Tagged: self-incompatibility



How do plant hybrids aid invasions?

There’s a common belief that hybridization of plants can aid invasions through adaptive introgression. This is where a hybrid breeds with one of its parent species, so that the parent species eventually adopts a new gene. An example might be herbicide resistance transferring from crops to wild plants. In a new paper in Annals of Botany, Chengjun Li and colleagues consider how hybrids may help in a different way. A limiting factor on invasions is finding plants to mate with. “Following long-distance dispersal, a self-incompatible (SI) colonizer may experience an Allee effect because of limited mate availability,” write the authors....

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Intraspecific variation of self-incompatibility in the distylous plant Primula merrilliana

Heterostyly, a term referred to plant species comprising either two (distyly) or three (tristyly) self-incompatible floral morphs that differ reciprocally in the positions of stigmas and anthers (i.e. reciprocal herkogamy), is considered as one of the most effective mechanisms to avoid selfing and promote outcrossing. This complex floral syndrome, which occurs in at least 28 families of flowering plants, represents a remarkable example of convergent evolution. Therefore, explaining the origin, function and genetic basis of heterostyly has attracted considerable attention ever since Darwin’s classic book on polymorphic sexual systems in plants. Self and intramorph incompatibility is generally considered to play...

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Stigmatic limitations on reproductive success in a paleotropical tree

Success in reproduction is subject to the successful initiation as well as successful completion of a chain of consecutive events starting from flower formation and ending with viable seed production. A recent article published by Raina et al. in AoB PLANTS focuses on how thigmotropic stigmas, which open, close and re-open in response to touch, play a role in limiting fruit set of plants in their non-native environment. Their pollination success requires optimum pollen transfer in terms of its quality as well as quantity and is dependent on efficient pollinator visitation. The study is particularly valuable for both horticultural purposes...

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toadflax Linaria cavanillesii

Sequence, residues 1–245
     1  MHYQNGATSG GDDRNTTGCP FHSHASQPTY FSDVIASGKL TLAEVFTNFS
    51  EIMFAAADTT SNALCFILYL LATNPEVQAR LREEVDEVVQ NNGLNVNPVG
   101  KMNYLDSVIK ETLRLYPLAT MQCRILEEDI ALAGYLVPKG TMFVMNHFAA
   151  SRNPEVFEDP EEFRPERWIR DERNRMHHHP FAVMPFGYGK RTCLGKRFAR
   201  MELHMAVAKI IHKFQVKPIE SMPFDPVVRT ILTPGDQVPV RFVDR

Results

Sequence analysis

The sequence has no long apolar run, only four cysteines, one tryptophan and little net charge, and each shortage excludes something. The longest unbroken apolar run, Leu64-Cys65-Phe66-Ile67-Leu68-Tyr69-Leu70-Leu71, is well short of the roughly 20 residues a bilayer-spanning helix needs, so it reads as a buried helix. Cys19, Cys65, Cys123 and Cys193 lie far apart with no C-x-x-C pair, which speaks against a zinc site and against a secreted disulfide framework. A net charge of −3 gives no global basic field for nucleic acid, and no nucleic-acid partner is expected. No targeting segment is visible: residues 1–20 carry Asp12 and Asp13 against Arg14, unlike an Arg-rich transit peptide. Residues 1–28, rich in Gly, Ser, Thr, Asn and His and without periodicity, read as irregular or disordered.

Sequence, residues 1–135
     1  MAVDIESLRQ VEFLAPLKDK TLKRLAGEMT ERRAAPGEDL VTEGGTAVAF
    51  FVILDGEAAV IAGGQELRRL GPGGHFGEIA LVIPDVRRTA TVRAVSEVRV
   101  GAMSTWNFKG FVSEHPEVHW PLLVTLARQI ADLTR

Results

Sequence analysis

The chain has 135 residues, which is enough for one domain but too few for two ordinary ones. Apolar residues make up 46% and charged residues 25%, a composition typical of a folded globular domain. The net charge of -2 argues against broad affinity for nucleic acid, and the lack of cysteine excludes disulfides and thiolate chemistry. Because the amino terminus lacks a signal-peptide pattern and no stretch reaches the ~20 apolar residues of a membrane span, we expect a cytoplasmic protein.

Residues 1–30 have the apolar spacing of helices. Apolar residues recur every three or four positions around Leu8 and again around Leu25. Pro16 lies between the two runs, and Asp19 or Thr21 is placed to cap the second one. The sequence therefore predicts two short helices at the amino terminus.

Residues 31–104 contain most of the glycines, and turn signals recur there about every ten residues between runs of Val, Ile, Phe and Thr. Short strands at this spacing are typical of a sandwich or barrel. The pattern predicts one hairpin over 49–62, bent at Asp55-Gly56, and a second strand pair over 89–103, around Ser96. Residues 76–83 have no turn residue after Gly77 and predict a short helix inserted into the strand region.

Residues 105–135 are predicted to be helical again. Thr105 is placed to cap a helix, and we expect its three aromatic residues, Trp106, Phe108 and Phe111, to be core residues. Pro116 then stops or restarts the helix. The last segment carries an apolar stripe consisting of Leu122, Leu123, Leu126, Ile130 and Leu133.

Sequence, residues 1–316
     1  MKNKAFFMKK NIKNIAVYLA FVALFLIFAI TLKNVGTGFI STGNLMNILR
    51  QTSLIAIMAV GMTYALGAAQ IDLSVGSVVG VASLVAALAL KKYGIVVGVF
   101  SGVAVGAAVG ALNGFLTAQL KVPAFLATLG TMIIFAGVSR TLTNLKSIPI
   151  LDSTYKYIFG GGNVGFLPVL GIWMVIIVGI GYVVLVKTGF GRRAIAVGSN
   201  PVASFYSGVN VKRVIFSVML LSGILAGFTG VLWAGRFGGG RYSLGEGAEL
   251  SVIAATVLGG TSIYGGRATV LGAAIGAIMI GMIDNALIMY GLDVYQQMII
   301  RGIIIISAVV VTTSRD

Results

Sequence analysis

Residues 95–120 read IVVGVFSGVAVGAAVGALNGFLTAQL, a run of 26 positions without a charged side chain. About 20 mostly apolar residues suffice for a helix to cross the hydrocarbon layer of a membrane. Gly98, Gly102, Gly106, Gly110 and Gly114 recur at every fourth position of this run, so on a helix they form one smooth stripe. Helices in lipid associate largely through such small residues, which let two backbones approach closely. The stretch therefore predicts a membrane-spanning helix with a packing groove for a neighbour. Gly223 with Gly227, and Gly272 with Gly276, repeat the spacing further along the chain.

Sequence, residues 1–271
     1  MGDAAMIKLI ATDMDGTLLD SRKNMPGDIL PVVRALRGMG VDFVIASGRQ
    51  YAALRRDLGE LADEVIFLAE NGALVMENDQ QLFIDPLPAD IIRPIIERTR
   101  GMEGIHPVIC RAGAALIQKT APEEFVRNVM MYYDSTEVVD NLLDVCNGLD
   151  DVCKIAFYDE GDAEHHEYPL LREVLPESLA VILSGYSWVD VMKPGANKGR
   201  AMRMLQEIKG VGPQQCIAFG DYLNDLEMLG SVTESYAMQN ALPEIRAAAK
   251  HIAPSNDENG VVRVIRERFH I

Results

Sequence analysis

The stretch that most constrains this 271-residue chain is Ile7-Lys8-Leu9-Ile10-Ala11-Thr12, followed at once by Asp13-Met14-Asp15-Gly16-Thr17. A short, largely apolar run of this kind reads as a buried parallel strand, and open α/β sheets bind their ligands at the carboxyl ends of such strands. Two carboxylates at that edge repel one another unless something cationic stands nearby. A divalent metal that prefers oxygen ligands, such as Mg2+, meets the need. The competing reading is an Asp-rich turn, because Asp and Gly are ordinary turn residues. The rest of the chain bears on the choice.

Mixed mating after the loss of self-incompatibility in a long-living perennial herb

Flowering plants display an extensive range of adaptive floral forms, which are often correlated with their mating systems. The maintenance of contrasting strategies such as those adopted by obligate outcrossers compared to populations that have evolved a selfing system is one of the most studied topics in reproductive evolution. Voillemot and Pannell study variation in mating systems in Spanish toadflax Linaria cavanillesii, a long-lived perennial species. Some unexpected features are reported, such as an absence of shift in flower morphology in the self-compatible population, together with the maintenance of outcrossing despite no apparent inbreeding depression.

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Models for the acceptance of compatible pollen and the rejection of self-incompatible pollen in Arabidopsis species.

Hanging On To Your Date, Avoiding Incest And Not Getting Infected – All In A Day’s Work For Flowers Of The Mustard Family

In the mustard family, which includes the important crop Brassica (rapeseed/canola) and the model plant Arabidopsis, the surfaces of the female stigmatic cells are dry. These cells – on which the pollen grains land – are thought to be more advanced than those of the wet stigmas of many other plants because they do not trap fungal spores (or pollen grains of many other species), and can discriminate between self and cross pollen of their own species and thus avoid self-pollination. The evolution of these stigmas has, however, involved the development of a good deal of complex cell biology –...

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Evolution and speciation in Sorbus

Evolution and speciation in Sorbus

Interspecific hybridization and polyploidy are key processes in plant evolution and are responsible for ongoing genetic diversification in the genus Sorbus (Rosaceae). Ludwig et al. study mating systems of diploid, triploid and tetraploid taxa in a diversity ‘hotspot’ for Sorbus in south-west England and find mating inter-relationships to be complex, and to provide the driving force for hybridization and ongoing genetic diversification. In particular, the presence of self-incompatibility (SI) in triploid pseudogamous apomicts imposes a requirement for interspecific cross-pollination, thereby facilitating continuing diversification and evolution through rare sexual hybridization events. This is the first report of naturally occurring pseudogamous apomictic SI...

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